"Shockingly, the decision by the legislature today was to make an egregious and discriminatory bill even worse," HRC President Chad Griffin said in a prepared statement. "It's appalling that anti-equality extremists in the legislature are trying to ignore the will of the people of Georgia, and to empower businesses with the explicit right to discriminate and deny service to LGBT Americans."
"Corporate leaders in Georgia and across the country have already spoken out against this bill because the First Amendment already protects religious freedom. It's time for Governor Deal to veto H.B. 757. Anything other than a swift veto is only courting an Indiana-style backlash," Griffin added.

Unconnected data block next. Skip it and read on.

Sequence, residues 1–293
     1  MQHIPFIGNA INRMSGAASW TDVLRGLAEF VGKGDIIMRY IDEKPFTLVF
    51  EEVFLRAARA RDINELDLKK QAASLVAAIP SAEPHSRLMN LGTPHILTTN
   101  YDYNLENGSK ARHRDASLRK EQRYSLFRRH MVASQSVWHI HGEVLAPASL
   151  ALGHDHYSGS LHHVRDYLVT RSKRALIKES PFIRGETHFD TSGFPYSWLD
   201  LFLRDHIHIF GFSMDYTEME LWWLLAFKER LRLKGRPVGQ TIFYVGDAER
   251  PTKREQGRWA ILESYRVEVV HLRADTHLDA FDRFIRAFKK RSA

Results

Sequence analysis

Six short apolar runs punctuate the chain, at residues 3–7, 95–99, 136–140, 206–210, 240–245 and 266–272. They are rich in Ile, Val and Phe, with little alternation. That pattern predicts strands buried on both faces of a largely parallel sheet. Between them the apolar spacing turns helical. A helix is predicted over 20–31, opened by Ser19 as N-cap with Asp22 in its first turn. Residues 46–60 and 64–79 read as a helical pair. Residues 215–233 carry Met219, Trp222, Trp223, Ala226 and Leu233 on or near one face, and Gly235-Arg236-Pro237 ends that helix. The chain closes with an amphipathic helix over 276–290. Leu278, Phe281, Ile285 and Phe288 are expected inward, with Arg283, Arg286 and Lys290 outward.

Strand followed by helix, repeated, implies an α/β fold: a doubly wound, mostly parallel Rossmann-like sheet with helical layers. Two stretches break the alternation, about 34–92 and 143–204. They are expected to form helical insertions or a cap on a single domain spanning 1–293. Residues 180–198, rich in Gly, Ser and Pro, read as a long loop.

Salesforce CEO Marc Benioff also criticized the bill. Benioff slammed earlier legislation and threatened to reassess the company's operations in Atlanta as anti-gay "religious freedom" legislation moved through the legislature.
One again Georgia is trying to pass laws that make it legal to discriminate. When will this insanity end? https://t.co/4jBrNJtCz8— Marc Benioff (@Benioff) March 17, 2016
And Georgia Prospers, a coalition of nearly 500 businesses supporting workplace equality, also criticized the legislation.
Mayor Kasim Reed, a former state senator who was on hand for the Senate debate on Wednesday and talked with Lt. Gov. Casey Cagle, said a day later that the legislation will hurt Atlanta and the rest of the state. Via the AJC:
Atlanta Mayor Kasim Reed, who has long opposed the measure, told our AJC colleague Scott Trubey he was “inundated” with calls about the measure from local and national business leaders on Wednesday night. He said they were universally “stunned” that lawmakers would adopt the legislation given the fallout over a similar proposal in Indiana.